Audrey Nowakowski

Alexandr Misko started playing the guitar at age 12, first learning the classical style. But after discovering fingerstyle guitar music online, he began to learn it on his own.

"[Fingerstyle] leans more toward pop music much more than classical music, but at the same time it's very interesting harmonically, it's very rhythmic ... so I was instantly hooked," says Misko.

Photo courtesy of Grainger Engineering Design Innovation Lab (makerspace) at the University of Wisconsin-Madison

The coronavirus pandemic is forcing a lot of people and companies into making creative solutions to meet the high demand for personal protective equipment (PPE).

Engineers at the University of Wisconsin-Madison and campus colleagues are working with Midwest Prototyping and design consulting firm Delve to design and create medical face shields. The shields are a key piece in PPEs used by health care workers treating coronavirus patients.

Marquette University Press

Milwaukee has a rich musical history, and a new anthology is taking a personal approach in chronicling generations of music in the city. From folk, rock 'n' roll, blues, and R&B — Milwaukee Rock and Roll 1950-2000: A Reflective History chronicles the performers, promoters, photographers and DJs that played a pivotal role in shaping the city's musical history.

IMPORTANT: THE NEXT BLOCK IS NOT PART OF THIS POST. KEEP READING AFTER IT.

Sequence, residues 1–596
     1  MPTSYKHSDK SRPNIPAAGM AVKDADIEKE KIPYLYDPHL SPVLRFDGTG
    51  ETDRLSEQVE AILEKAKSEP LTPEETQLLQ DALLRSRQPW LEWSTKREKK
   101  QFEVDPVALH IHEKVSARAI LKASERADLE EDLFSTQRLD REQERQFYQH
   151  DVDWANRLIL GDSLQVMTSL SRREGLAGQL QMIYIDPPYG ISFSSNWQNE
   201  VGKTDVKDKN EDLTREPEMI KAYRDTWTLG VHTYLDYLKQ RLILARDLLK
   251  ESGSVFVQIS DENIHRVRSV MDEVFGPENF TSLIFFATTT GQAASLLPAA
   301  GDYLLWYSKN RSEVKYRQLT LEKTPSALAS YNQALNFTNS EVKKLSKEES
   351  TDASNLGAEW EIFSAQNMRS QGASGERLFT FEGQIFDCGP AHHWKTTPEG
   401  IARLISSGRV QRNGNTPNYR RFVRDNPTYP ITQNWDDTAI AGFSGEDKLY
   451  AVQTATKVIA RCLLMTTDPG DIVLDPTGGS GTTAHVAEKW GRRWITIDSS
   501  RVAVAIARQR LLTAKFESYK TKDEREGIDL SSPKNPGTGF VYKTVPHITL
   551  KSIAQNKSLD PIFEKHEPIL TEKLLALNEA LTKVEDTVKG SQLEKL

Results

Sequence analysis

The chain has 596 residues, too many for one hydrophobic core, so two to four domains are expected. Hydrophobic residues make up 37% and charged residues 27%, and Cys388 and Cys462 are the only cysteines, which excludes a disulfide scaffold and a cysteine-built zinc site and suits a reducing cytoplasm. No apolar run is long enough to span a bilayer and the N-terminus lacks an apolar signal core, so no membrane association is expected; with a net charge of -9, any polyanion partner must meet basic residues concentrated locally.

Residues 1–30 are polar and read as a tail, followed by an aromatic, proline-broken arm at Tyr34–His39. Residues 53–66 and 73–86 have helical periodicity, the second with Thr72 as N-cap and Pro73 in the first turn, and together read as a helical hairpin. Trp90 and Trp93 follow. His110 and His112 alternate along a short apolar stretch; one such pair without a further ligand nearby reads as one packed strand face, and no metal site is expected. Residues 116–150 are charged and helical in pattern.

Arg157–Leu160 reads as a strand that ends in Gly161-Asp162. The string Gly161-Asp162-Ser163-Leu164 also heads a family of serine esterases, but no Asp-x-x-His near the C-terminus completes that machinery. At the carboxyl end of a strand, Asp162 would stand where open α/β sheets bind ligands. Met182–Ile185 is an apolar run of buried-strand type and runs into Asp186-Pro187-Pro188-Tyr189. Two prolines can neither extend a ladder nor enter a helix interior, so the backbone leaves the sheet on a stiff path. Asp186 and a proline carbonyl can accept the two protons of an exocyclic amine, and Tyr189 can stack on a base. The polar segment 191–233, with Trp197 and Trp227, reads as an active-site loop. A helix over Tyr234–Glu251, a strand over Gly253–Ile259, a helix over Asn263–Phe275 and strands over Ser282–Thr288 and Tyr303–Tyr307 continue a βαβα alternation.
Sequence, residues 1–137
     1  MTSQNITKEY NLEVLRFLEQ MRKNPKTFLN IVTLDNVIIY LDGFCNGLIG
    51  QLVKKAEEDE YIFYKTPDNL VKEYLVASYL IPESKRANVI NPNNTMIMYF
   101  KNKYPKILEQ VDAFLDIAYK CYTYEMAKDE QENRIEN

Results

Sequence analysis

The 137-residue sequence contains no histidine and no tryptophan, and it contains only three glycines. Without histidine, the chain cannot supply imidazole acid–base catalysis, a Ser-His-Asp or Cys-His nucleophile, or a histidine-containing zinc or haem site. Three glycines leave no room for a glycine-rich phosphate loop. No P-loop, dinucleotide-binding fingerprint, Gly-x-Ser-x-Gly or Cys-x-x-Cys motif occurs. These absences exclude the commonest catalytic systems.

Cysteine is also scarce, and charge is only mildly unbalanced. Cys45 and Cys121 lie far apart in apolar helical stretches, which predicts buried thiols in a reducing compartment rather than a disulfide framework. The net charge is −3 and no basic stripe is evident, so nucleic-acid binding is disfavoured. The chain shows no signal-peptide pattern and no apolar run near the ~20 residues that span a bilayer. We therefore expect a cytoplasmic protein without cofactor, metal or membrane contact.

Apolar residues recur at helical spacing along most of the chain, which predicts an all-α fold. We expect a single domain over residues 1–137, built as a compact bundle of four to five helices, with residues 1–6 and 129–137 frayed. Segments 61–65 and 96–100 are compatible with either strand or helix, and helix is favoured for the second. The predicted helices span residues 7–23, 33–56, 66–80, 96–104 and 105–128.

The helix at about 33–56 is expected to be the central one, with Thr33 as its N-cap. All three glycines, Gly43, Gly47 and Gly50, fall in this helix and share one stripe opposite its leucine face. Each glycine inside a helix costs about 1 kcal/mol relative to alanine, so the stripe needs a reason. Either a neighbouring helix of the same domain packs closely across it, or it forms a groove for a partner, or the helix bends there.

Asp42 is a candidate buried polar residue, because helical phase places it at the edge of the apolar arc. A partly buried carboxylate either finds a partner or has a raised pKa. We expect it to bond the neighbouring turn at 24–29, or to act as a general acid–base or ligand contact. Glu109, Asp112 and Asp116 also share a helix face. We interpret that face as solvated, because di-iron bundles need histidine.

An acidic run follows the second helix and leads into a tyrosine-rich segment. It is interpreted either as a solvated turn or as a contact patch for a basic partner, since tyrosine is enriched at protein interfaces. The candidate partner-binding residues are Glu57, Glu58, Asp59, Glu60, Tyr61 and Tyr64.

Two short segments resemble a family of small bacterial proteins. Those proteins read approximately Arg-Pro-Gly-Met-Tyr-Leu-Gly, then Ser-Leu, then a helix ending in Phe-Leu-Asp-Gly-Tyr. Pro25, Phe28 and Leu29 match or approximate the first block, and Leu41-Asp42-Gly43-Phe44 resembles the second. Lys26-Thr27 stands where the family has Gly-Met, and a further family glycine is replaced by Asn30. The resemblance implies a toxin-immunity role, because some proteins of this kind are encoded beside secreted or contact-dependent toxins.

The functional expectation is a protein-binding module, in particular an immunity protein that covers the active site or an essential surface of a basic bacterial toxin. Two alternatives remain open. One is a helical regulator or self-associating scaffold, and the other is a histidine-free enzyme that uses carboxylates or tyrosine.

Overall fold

Audrey Nowakowski / WUWM

Updated on April 28:

Gov. Tony Evers announced that 34 Wisconsin state parks, forests and recreational areas will reopen on May 1.

The parks will open with new conditions designed to minimize overcrowding. Bathrooms, towers, shelters, playgrounds, nature centers, headquarters, contact stations and concession buildings will all remain closed. Camp sites will remain closed until May 26.